A worthy portrait of a phenomenal woman, “Bhutto” is as thorough a history of the late Pakistani prime minister and her country as one can imagine, without actually knowing who assassinated her in 2007. Bio skews a bit triumphal, perhaps, but it’s an even-handed history of a person who might have led a very comfortable life, but ended up dying for the cause of her nation’s hobbled democracy. Exposure will come via news- and female-oriented cable, and of course, every film festival in the Western world.
Commencing before there was a Benazir Bhutto, or even a Pakistan, “Bhutto” performs a great service to a great number of viewers, explaining clearly to its presumably Western auds — via an avalanche of archival footage and period newscasts — what partition from India meant, what the religious situation there was/is, and especially about where Bhutto came from, namely the family of Zulfikar Ali Bhutto, the charismatic, onetime president/prime minister and founder of the Pakistan People’s Party.
Framed for murder and executed under the regime of Gen. Mohammed Zia-ul-Haq in 1979, the elder Bhutto handpicked is favorite child Benazir to carry on his work. That the legacy was a curse — the Bhuttos aren’t called “the Pakistani Kennedys” for nothing — seems a reasonable conclusion for the viewer to draw.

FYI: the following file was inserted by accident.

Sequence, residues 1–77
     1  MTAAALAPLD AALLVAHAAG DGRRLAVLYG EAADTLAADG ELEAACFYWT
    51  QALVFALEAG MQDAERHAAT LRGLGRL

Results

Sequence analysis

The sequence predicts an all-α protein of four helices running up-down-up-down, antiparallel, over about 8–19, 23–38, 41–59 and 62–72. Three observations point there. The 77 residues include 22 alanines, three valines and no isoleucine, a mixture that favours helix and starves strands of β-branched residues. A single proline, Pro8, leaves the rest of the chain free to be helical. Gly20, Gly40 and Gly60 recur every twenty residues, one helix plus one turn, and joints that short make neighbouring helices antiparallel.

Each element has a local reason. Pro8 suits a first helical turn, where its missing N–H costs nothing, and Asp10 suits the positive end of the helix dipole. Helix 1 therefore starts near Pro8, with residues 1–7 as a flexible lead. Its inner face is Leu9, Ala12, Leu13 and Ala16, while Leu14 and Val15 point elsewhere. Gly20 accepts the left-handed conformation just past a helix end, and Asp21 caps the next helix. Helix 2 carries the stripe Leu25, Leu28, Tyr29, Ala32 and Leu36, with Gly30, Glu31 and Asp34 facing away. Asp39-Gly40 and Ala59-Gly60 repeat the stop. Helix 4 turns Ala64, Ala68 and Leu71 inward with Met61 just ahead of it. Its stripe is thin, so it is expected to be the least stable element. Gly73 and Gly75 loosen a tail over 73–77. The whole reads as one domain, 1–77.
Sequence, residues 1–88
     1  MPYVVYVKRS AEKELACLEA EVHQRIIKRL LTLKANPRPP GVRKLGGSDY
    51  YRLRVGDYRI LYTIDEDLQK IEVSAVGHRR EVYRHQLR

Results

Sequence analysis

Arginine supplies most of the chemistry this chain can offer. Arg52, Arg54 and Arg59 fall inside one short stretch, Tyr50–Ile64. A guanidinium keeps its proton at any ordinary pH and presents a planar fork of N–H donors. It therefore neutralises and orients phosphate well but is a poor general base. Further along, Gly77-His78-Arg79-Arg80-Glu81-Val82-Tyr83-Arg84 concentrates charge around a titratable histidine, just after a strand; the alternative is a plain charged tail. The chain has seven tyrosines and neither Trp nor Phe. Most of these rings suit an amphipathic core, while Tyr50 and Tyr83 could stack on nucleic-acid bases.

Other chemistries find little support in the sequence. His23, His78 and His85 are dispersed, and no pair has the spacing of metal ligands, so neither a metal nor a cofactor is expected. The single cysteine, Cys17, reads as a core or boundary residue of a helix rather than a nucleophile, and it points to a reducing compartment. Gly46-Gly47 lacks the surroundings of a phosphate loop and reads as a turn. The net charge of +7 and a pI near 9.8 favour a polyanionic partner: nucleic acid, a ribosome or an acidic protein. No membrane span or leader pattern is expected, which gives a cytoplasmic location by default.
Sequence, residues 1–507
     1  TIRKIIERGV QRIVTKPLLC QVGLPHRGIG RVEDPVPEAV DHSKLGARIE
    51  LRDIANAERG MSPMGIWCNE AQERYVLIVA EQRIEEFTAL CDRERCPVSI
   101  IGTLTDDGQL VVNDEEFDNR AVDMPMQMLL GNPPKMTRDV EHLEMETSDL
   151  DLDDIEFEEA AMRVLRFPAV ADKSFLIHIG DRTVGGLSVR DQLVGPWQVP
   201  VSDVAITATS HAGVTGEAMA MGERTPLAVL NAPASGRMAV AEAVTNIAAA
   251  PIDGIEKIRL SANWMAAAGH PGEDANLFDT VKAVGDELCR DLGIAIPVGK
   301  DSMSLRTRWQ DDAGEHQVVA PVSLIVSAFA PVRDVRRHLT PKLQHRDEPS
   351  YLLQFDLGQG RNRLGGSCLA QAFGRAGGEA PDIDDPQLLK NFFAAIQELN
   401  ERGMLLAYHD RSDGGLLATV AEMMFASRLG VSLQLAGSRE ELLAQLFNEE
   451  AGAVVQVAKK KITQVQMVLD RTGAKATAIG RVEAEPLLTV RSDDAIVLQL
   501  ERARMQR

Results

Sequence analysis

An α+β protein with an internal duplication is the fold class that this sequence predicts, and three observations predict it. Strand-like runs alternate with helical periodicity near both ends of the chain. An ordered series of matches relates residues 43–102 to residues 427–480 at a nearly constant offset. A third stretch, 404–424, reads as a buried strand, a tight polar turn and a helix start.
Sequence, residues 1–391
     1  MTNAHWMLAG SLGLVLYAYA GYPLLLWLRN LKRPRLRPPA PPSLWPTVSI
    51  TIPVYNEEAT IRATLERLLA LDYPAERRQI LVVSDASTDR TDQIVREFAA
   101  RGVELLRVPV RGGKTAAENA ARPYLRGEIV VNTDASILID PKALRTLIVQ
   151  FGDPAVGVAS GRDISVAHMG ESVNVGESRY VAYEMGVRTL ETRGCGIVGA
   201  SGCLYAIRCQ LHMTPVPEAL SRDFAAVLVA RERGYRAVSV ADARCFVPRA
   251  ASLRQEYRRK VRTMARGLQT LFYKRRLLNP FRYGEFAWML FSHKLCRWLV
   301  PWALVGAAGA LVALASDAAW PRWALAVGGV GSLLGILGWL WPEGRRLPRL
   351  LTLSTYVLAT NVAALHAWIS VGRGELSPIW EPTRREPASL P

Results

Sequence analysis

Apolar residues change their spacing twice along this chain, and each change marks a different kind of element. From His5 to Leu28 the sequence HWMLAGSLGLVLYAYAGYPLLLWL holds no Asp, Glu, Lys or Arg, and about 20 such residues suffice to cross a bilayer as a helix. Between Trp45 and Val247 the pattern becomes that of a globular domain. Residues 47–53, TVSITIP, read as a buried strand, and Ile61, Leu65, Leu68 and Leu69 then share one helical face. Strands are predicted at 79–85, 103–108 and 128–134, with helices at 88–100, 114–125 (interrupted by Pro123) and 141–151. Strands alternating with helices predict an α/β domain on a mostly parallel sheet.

The rise of the Taliban and fundamentalist Islam in general has made the situation for women even worse today in Pakistan, but it was never good. The Bhuttos were blessed with money, education and looks, and yet when Benazir ascended to her ministership — and faced educational, economic and infrastructural crises — she also had to deal with a military that didn’t want to recognize a woman’s authority. If nothing else, what “Bhutto” brings home is the near-impossible task facing intellectuals leading illiterate nations. The high-minded can always be brought low, if the opposition wants to fight dirtily enough.
Not that the Bhuttos’ hands were entirely clean, to listen to some of the testimony provided, even by other Bhuttos: Fatima, daughter of Benazir’s brother Murtaza, blames Benazir’s husband Alif Zardari, now president of Pakistan, with having orchestrated the murder of her father by police because of Murtaza’s corruption allegations against Zardari and the Bhutto administration. It’s an interesting family.
“Bhutto” is a essentially an editing exercise, with huge amounts of archival footage and interviews with scholars, politicians and family members (Bhutto’s children all appear) put into a shape that’s not just coherent but exciting. Distribution may be a struggle, but the film will have a long afterlife.
Production values are good, although the music is, sometimes, emotionally coercive. And we could have done without Cat Stevens.